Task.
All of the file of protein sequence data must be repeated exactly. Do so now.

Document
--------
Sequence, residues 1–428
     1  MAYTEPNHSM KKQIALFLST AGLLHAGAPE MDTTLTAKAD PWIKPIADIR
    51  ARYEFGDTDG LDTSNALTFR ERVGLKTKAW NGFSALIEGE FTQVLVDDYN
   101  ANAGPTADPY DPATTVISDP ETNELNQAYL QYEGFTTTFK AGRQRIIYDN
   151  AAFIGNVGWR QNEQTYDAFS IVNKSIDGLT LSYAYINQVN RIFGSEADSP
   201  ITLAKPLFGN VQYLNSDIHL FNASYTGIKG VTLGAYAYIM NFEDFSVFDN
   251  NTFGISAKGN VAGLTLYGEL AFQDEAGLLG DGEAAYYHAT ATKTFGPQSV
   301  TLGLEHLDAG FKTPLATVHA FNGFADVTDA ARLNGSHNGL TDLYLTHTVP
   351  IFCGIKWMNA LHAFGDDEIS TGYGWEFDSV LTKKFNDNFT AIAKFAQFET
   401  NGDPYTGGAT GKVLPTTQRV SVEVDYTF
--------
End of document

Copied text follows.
Sequence, residues 1–428
     1  MAYTEPNHSM KKQIALFLST AGLLHAGAPE MDTTLTAKAD PWIKPIADIR
    51  ARYEFGDTDG LDTSNALTFR ERVGLKTKAW NGFSALIEGE FTQVLVDDYN
   101  ANAGPTADPY DPATTVISDP ETNELNQAYL QYEGFTTTFK AGRQRIIYDN
   151  AAFIGNVGWR QNEQTYDAFS IVNKSIDGLT LSYAYINQVN RIFGSEADSP
   201  ITLAKPLFGN VQYLNSDIHL FNASYTGIKG VTLGAYAYIM NFEDFSVFDN
   251  NTFGISAKGN VAGLTLYGEL AFQDEAGLLG DGEAAYYHAT ATKTFGPQSV
   301  TLGLEHLDAG FKTPLATVHA FNGFADVTDA ARLNGSHNGL TDLYLTHTVP
   351  IFCGIKWMNA LHAFGDDEIS TGYGWEFDSV LTKKFNDNFT AIAKFAQFET
   401  NGDPYTGGAT GKVLPTTQRV SVEVDYTF